New Book Moments to Treasure Released
I’ve just released Moments to Treasure: Prayers for Navigating Life’s Journey, a prayer book that covers the seasons of life. It’s available on Amazon and CreateSpace, and the Kindle version (without pictures) is a free download through Thanksgiving 2013 (11/28). This book actually includes one prayer from Spiritual Response, along with about 29 others plus several reflections. The paperback includes color photos and is dedicated to my granddaughter, who’s doing very well.
I’ve set up a website for it and there’s a special offer to download FREE a fillable PDF document – where you can create your own special book – collecting all the inspiring and comforting words in one place.
I hope you find it useful.
If you had a choice between being well-known, respected, and highly followed (on Twitter or wherever your social universe resides, be it electronic or physical), or having made an impact in several people’s lives (of which you were directly aware), which would you choose?
It’s easy to pick the second choice, altruistically speaking, yet I wonder when we look at our daily lives, which choice our actions reveal to us. Is there much of a difference between the two? I think it boils down to the reasons behind our behavior. And that’s part of the discovery process, in terms of choosing a new behavior. After identifying the root of our existing behavior, (if we are successful in that, which is not a given), we consider how we might behave differently, what actions we might choose to perform instead, from the standpoint of that root cause – not to perpetuate it, but to change it.
And so I want to discover a new action that brings out the best in me, not to glorify myself, but to glorify God, quietly.
In a discussion yesterday someone pointed out two extremes – altruism and psychological egoism – and we talked about them, about how easy it is to do something that looks good and bask in the glow of praise from others. And it is difficult, when the adulation comes, to deflect it, accepting the thought without letting it puff you up.
“You should be proud,” is often heard from others when you do something worthwhile; yet, how opposite this is to Jesus’s teaching, to Buddha’s teaching. (And probably to others, as well.) When you focus on God, and focus on shining God’s light, then the need for praise, for boosting yourself up, diminishes. If you’re capable, it might even vanish if your focus is complete.
As you discover what to do instead of what you were doing, don’t judge the action on how it would make you appear, but rather how it fits in with your personality. If you try to do something that is not you, like an extrovert trying to keep quiet, you’re bound to meet with disappointment. Here we are working to reveal who we are in a way that does not glorify ourselves, because when we reveal who we really are, what we are doing is glorifying God.
Discovery, the third phase of the RADAR change process, is twofold in its purpose. It is about discovering what you might do differently from what you are doing now. And it is about discovering the deep-rooted cause of the unwanted behavior. In this way, we can see discovery through the first three phases, semantically speaking; but then, DDDAR would sound like someone with a stuttering issue.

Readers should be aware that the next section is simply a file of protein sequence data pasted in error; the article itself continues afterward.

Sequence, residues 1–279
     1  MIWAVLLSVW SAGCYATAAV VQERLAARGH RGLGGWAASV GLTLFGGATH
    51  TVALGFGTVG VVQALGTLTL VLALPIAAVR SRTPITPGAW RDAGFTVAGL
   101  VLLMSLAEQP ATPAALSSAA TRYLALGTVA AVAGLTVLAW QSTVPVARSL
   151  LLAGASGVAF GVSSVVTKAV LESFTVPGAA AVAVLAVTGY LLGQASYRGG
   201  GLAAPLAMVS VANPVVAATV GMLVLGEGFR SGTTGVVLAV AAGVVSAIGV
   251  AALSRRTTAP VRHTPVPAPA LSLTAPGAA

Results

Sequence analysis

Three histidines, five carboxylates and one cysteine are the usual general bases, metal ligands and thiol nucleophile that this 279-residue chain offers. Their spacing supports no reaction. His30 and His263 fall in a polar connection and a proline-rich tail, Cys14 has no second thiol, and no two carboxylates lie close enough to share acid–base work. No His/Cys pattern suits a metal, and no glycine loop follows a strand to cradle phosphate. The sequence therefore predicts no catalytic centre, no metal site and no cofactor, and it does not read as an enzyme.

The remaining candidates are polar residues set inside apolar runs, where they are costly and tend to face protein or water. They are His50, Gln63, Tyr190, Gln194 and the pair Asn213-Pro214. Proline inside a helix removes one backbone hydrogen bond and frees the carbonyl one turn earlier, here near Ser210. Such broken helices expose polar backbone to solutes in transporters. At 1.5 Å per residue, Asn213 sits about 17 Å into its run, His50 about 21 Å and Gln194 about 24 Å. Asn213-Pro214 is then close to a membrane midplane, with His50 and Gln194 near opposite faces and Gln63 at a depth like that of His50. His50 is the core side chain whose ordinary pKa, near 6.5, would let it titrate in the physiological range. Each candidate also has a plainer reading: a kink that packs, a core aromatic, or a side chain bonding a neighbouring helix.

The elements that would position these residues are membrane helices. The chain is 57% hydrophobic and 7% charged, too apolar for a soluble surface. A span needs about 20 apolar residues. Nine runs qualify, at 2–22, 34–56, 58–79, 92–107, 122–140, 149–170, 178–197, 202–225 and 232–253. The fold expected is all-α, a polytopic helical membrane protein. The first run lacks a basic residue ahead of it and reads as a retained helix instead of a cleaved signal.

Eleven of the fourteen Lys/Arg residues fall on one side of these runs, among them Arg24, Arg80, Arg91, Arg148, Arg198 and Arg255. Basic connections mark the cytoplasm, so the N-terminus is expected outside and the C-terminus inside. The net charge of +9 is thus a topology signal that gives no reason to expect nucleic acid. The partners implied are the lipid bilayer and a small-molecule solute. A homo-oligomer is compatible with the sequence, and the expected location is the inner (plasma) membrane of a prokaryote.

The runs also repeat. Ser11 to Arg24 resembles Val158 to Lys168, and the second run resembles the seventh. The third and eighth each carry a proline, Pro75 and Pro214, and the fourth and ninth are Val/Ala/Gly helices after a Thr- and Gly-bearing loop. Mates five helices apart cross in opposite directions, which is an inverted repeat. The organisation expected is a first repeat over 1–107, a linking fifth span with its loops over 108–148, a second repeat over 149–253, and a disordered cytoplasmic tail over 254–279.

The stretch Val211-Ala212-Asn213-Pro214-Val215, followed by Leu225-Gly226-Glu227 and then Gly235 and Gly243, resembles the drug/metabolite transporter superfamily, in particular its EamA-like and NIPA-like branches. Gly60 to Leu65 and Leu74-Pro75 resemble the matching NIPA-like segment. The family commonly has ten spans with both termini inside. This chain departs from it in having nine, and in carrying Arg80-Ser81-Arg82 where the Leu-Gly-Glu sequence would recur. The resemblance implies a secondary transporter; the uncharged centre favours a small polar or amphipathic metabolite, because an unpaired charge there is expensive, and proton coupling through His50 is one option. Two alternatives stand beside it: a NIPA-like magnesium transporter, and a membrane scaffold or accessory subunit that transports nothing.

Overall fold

One might consider that we are moving too slowly. Again, resist the urge to accelerate, but at the same time, if you discover something and want to use it, go ahead. What I find interesting is that if you take the time, you’ll find yourself making changes almost effortlessly as the momentum of the process takes over. You’ll find that instead of thinking about what you want to do, you’ll just start doing it.
This week is about discovery: What could I do differently, naturally, to replace my unwanted behavior? Take time to discover, because over time you might find that the first idea is not the one you end up using.
Irrational Joy: An Alternative Path Through Lent, is now available on Amazon here. Free borrow for Prime members, 99c otherwise. But, this coming Sunday through Ash Wednesday, the download is free, it’s my Lent promotion. (Since previous journals have been available on this site for free, I wanted to give readers a chance before Lent begins to grab it as well.)
Here’s the cover:
In it I use a technique that I’ve named RADAR for the process of change one might use to make a change in one of their habits. It’s an acronym for Realization – Awareness – Discovery – Action – Reflection.
The Realization is a discernment process whereby one comes to accept that they want to make a change.
The Awareness phase is one of becoming aware of when this behavior occurs, and what triggers it.
The Discovery process is when one looks at what alternate actions or responses might replace the habit in question. (Notice I’m not calling these bad habits. I’m merely saying they are an ingrained behavior which you’d like to change. It’s your response to some situation or environment, and you’ve come to realize it is not helpful to you.)
Action is when you actively replace one habit with another.
And the Reflection phase is one of looking back at how you’ve changed and assessing the process. Change in many is miniscule, and sometimes goes unnoticed until someone else remarks on the difference. The Reflection process attempts to review the differences and see if the change has had the effect that you intended.
If you choose to follow one of my Lenten journals this Lent, I’d be happy to hear of your experience.